From 1 December 2019, records detailing the date, location and application rate of any agricultural chemical or fertiliser used on grazing land needs to be made within three days of application.
If you are already keeping records of agricultural chemicals used on grazing areas for livestock production assurance or other programs, these are sufficient for reef regulation requirements. Record-keeping is required by all commercial beef-cattle graziers across five reef catchments, excluding Cape York.
Records are to be kept for six years and made available for inspection by an authorised compliance officer from the Queensland Department of Environment and Science. Any associated purchase invoices also need to be kept.
- reef regulations fact sheet (PDF)
- record-keeping requirements
- order an email or postal pack of reef regulation information from the Queensland Government.
What are the requirements?
The requirements under the new reef protection regulations are:
- Record keeping- all graziers, sugarcane and banana producers in the Wet Tropics, Burdekin, Mackay Whitsunday, Fitzroy and Burnett Mary regions must keep records from 1 December 2019 and all grains and horticulture producers may require records from 1 December 2022. From 1 December 2019, agricultural advisers must also keep records.
- Minimum practice agricultural standards- all producers in the Wet Tropics, Burdekin, Mackay Whitsunday, Fitzroy and Burnett Mary regions must comply with industry-specific minimum practice agricultural standards (grazing, sugarcane, bananas) as these are applied to each region over the next three years.
- Farm nitrogen and phosphorus budget(sugarcane only) - all sugarcane producers in the Wet Tropics, Burdekin and Mackay Whitsunday regions must implement a farm nitrogen and phosphorus budget from 2021 and then in the Fitzroy and Burnett Mary regions from 2022.
- New or expanded cropping and horticulture activities- all new or expanded cropping and horticulture activities in any Reef region on more than five hectares that do not meet the cropping history test will require an environmental authority (permit), subject to farm design standards, from 1 June 2021.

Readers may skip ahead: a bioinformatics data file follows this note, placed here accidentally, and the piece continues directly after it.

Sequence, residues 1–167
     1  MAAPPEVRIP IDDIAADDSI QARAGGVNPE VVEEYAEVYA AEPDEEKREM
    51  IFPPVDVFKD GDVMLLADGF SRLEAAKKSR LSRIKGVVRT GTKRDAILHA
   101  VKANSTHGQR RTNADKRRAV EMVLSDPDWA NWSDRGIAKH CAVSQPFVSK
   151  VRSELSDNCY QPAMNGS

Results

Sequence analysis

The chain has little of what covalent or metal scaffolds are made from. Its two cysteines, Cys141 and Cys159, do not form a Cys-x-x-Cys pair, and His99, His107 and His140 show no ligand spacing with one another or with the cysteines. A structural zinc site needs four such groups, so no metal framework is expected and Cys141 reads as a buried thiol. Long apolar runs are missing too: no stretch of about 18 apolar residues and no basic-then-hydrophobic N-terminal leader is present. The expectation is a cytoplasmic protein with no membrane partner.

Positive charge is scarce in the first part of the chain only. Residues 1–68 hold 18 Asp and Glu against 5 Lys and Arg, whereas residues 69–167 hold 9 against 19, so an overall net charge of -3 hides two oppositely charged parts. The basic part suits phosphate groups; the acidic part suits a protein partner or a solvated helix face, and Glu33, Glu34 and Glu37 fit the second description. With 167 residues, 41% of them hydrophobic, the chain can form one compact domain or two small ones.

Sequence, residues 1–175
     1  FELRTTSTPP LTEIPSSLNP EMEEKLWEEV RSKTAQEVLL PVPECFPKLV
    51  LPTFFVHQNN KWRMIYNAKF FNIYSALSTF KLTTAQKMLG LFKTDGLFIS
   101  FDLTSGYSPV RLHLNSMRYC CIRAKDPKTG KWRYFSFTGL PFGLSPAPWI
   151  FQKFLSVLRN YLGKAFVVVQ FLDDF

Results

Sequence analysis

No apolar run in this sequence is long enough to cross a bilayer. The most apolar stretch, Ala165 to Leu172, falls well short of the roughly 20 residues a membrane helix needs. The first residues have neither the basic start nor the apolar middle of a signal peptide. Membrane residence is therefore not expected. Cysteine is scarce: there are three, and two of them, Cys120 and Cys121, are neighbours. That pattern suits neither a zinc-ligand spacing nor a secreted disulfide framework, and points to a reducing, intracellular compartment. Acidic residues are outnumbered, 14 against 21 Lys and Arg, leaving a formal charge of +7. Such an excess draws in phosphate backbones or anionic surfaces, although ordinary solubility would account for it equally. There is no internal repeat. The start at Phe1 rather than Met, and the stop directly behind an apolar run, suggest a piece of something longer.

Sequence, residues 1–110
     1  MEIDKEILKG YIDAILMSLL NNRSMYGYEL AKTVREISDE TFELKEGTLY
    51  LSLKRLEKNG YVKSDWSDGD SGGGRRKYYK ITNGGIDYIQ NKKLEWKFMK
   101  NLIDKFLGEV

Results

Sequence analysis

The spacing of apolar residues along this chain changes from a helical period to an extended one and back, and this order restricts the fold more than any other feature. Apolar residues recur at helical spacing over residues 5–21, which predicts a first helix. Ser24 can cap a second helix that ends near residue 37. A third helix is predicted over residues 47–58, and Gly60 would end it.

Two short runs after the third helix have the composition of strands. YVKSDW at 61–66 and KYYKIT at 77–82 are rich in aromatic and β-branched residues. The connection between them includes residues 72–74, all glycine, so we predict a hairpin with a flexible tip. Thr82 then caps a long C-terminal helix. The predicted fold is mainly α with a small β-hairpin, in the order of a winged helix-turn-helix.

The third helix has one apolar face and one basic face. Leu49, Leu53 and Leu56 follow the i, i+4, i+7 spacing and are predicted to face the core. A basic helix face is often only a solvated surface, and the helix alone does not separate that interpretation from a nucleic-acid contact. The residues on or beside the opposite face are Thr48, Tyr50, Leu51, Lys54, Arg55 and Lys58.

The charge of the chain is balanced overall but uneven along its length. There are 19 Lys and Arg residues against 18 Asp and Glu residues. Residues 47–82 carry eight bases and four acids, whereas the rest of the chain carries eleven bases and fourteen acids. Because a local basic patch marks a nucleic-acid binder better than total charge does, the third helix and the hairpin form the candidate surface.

- New, expanded or intensified industrial development - all regulated industrial land use activities in any Reef region must meet new discharge standards to ensure there is no increase in nutrient or sediment pollutant loads from 1 June 2021.
Records need to be kept to demonstrate activities are being undertaken on the property in accordance with the minimum agricultural practice standards. The government has committed to not commencing the regulation to acquire specific agricultural data such as data about fertiliser and chemical use, soil testing and crop yield.
What are the requirements for new or expanded cropping and horticulture?
From 1 June 2021, new or expanded commercial cropping and horticulture activities in the Cape York, Wet Tropics, Burdekin, Mackay Whitsunday, Fitzroy and Burnett Mary regions on more than five hectares without a cropping history will require an environmental authority (permit) subject to farm design standards, before the activity or any work takes place.